The film neuters the sheer awe and cosmic scope that Kirby’s Eternals set out to provide. The film is more narratively sound, albeit with a few plot holes—an imperfection that can be blamed on the movie already being stuffed with characters and themes. Yet, there’s not any strong themes in either the film nor the comic. The film delves into what it means to be human, not necessarily what it means to be a God. This is where Kirby’s Eternals outshines the film, its self-described Chariots of the Gods? structure screams Gods. Kirby’s Eternals—especially Ikaris—have distinct visual flair. The way characters interact in Kirby’s The Eternals matches up to the grand scale of the story. Furthermore, The Eternals has the added benefit of Kirby’s art: his larger than life figures, dynamic poses, powerful faces and awe-inspiring color work. Kirby’s artwork is genre-defining: inferior artists who replaced him have been accused of copying his style. Kirby also invented many different techniques, strategies, and conventions to help convey the unfathomable scope of his cosmic stories, including the Kirby Krackle—a collection of different sized black dots that he’d use in explosions, ray-blasts, cosmic energy, and general depictions of space. Kirby’s spectacular visual style gives The Eternals gravitas that the film sorely lacks. Visually, the film pales in comparison to the comic; though the film Thor: Ragnarok has adapted Kirby’s visuals to the big screen, an effort passionately undertaken by the film’s director, Taika Waititi. Though Eternals does translate Kirby’s beautiful, awe-inspiring Celestial drawings to the big screen rather well, the awesomeness—for a lack of a better word—just doesn’t feel as strong as it does in the comic. That being said, the comic isn’t exactly what one would consider narrative gold. The classic Kirby art carries the sometimes lacking plot and dialogue. This translates to the film, where its plot is also a bit lackluster.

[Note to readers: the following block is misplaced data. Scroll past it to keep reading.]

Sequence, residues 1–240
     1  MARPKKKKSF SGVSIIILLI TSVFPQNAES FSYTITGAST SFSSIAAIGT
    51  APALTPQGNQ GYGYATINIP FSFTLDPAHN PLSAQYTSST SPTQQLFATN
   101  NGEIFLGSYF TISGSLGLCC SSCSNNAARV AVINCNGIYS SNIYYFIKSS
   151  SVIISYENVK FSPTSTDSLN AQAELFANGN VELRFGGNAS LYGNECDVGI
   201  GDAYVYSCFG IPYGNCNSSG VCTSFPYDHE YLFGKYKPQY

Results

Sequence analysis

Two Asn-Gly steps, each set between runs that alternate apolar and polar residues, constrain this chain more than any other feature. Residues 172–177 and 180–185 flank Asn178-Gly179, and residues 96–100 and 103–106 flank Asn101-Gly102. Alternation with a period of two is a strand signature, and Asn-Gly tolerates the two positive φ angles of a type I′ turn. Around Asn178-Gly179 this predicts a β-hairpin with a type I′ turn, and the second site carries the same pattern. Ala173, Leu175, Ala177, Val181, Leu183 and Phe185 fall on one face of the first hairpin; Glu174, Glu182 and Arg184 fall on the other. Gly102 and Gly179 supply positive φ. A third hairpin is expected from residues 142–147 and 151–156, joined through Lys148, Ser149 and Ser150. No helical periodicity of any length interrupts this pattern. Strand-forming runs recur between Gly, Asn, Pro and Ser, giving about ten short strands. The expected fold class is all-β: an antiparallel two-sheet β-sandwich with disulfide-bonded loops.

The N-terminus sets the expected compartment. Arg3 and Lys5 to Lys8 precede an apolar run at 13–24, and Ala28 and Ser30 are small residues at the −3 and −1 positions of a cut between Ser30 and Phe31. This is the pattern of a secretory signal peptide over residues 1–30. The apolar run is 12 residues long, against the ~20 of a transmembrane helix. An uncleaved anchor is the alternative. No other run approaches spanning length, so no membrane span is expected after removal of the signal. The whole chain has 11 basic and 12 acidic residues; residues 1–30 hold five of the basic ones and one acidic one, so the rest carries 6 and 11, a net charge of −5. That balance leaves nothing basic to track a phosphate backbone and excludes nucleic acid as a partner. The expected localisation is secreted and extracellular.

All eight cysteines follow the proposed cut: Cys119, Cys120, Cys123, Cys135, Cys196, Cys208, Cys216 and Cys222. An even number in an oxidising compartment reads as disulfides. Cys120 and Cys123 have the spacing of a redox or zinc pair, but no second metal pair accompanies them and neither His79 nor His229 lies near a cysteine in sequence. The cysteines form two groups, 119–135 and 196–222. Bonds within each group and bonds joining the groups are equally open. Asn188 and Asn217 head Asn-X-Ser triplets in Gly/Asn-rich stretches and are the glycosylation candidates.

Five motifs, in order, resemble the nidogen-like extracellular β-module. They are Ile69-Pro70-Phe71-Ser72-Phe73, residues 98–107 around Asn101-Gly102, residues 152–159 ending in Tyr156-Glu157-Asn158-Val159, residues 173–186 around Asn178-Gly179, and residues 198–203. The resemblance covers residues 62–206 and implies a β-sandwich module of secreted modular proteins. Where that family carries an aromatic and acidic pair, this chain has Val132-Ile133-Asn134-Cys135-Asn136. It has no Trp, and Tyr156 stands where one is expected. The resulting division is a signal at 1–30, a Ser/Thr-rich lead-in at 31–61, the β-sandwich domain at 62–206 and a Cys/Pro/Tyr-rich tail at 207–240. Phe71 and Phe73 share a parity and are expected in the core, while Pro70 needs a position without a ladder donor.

Kirby had a penchant for stories featuring Gods, the cosmos, and larger than life superheroes—his career was built on it. Though The Eternals isn’t anywhere close to as good as his New Gods, nor any of his previous work, it has been given the blessing of the film adaptation. To some, it would be considered a curse: seeing Kirby’s vision pulled apart and watered-down is the unfortunate consequence of adaptation. His plethora of characters have been adapted before, of course, but something truly feels off about his Shakespearean Eternals being twisted around into another group of MCU superheroes. There’s no easier way to say it, but the film is definitely different than the comic, for better or for worse.
Even if The Eternals wasn’t well-received during its release (Kirby’s run was effectively cancelled at issue #19), the run should be regarded as a monument to its creator: a man who created entire worlds that we could only dream of. A man who, for many, is regarded as the forgotten Godfather of modern-comics. And a man who would agree with his wife, saying: “[The Eternals] is an anticlimax.” But, that’s okay. After all—he was only a man. What more could he do?